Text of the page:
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I was trying to find the temperature at which water dissociates into hydrogen and oxygen, and so I came across this Wikipedia page. It states that it takes 493.4 kJ/mol + 424.4 kJ/mol to dissociate the bonds in a water molecule which gives a total of about 920 kJ/mol or about 51 MJ/kg. So I tried to calculate the temperature that would give that huge amount of energy using the heat capacity of water vapor. I took 3.3 kJ/(kg K) for water vapor as an average specific heat, and so by simply dividing 51 MJ by 3.3 kJ, I ended up with about 15 000 K.

But on this other Wikipedia page, I found: "at 2200 °C about three percent of all H2O molecules are dissociated into various combinations of hydrogen and oxygen atoms. At the very high temperature of 3000 °C more than half of the water molecules are decomposed".

So now I am very confused. If 3000 °C is enough to dissociate more than half of the water molecules, then it should be expected that almost all the molecules should dissociate at around 4000 °C or so and not the 15 000 K I calculated earlier.

So am I missing something here? Or is there an explanation to this?

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One key is an assumption about various degrees of dissociation.

It states that it takes 493.4 kJ/mol + 424.4 kJ/mol to dissociate the bonds in a water molecule which gives a total of about 920 kJ/mol or about 51 MJ/kg.

That sounds like the energy required for $\ce{H2O <=> 2H + O}$.

But on this other Wikipedia page, I found: "at 2200 °C about three percent of all H2O molecules are dissociated into various combinations of hydrogen and oxygen atoms.

Here it sounds like they are considering less extreme dissociations than complete dispersal to individual atoms. For example, $\ce{H2O <=> H + OH}$ and perhaps even $\ce{H2O <=> H2 + O}$ or $\ce{H2O <=> 2H + \frac{1}{2}O2}$ and related equilibria may be happening.

In effect, if just one OH bond breaks in water, that only requires 493.4 kJ/mol and leads to the formation of species such as $\ce{OH}$ and $\ce{H}$ atoms. Those species have a different heat capacity than $\ce{H2O}$ vapor. The heat capacity page you linked to says:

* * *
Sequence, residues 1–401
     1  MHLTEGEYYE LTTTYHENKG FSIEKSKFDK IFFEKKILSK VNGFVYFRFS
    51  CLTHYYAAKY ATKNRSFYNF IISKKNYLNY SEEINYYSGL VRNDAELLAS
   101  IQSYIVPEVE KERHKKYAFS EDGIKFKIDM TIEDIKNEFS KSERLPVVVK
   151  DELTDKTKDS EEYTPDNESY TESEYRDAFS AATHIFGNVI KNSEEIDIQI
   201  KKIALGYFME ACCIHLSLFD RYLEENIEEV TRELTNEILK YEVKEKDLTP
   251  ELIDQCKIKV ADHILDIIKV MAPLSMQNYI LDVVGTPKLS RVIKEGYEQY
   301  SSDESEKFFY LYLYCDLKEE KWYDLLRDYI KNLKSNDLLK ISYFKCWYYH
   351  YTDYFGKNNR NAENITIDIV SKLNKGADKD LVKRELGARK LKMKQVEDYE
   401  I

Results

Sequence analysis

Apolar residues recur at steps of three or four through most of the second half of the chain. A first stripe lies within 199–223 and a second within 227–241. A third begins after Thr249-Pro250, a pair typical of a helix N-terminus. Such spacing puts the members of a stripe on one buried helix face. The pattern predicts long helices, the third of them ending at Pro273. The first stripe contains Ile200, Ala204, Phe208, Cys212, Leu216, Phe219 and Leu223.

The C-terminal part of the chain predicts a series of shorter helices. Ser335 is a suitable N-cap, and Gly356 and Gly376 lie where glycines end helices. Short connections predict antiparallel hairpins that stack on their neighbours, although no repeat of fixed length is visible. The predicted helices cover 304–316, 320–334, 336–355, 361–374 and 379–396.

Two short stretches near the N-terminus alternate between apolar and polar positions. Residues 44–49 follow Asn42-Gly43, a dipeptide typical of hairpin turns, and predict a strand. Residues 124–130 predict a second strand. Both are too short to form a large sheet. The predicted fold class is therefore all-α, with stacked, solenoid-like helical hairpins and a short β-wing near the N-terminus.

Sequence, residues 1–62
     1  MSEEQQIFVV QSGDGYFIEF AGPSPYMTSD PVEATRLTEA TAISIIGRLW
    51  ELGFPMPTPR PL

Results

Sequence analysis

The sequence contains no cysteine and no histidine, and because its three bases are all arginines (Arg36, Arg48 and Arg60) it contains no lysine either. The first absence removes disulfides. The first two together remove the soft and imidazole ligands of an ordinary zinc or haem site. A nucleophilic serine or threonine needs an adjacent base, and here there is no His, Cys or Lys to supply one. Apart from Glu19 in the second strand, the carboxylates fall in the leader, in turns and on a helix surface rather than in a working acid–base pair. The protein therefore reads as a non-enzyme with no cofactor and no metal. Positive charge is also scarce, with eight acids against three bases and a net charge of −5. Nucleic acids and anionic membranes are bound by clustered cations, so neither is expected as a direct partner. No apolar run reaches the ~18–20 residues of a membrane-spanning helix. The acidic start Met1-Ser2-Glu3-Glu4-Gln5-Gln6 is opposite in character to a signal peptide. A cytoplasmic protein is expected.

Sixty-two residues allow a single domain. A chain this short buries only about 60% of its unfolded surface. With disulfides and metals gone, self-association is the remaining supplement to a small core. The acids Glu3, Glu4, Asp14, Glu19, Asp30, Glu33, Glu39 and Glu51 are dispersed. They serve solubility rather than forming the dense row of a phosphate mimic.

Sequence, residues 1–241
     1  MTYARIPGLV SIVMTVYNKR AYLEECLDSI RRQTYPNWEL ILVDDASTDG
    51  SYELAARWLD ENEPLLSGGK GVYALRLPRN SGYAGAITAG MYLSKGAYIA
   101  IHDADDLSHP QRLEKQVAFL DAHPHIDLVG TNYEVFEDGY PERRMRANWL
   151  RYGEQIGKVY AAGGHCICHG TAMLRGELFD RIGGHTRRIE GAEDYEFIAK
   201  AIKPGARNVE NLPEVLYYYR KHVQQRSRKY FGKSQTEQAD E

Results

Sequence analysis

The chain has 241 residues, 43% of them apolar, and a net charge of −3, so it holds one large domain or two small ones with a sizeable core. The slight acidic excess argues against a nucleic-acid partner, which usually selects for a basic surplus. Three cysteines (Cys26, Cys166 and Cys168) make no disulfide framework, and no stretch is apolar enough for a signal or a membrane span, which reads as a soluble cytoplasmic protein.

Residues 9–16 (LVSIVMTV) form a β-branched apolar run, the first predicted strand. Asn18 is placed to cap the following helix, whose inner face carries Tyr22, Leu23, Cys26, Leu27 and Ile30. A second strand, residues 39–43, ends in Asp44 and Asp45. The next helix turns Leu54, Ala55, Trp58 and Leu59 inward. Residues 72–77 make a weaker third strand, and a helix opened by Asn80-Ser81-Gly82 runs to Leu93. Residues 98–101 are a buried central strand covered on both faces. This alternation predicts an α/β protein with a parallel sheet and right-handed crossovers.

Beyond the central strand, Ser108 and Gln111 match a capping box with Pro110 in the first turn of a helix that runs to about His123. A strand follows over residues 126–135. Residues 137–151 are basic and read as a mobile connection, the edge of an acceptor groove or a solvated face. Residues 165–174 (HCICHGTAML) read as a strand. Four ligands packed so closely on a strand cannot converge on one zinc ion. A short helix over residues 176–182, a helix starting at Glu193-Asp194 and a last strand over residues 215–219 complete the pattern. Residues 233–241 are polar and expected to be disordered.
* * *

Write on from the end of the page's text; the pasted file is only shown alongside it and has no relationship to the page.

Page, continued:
The values above apply to undissociated states. At high temperatures above 1500 K dissociation becomes appreciable and pressure is a significant variable.

In the calculation you are doing you are not including a specific pressure variable either. Heat capacity could also be a function of pressure. Presumably the data you linked to is all for 1 atm of pressure, although it didn't really say. Likewise, the claim that at 2200 °C, 3% of water is dissociated must also be pressure-dependent. For which pressure is it true?

The final complexity is the entropic term. The three dissociated atoms have 9 translational degrees of freedom but intact water only has three.

These pressure and entropy complexities matter because $\Delta G$ is what determines equilibrium, and $\Delta G = \Delta U + \Delta (PV) - T \Delta S$. The bond dissociation energies you quote represent the $\Delta U$ term, so the calculation you are doing is implicitly assuming that $\Delta U \gg \Delta (PV) - T \Delta S$.

I think that your calculation is admirable in that it comes so close to the right answer while still neglecting all these complexities!

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  • $\begingroup$ Quick caveat: the bond dissociation energies are closer to $\Delta H$ than $\Delta U$. So I mis-spoke a tad above. But they are "standard" enthalpies, meaning they probably assume that water and its dissociation products are ideal gases. Thus a real-gas correction is still required. That said, the $T \Delta S$ term is probably driving most of the difference between your calculated temperature and the observed temperature for equilibration. $\endgroup$ – Curt F. Sep 24 '15 at 19:21

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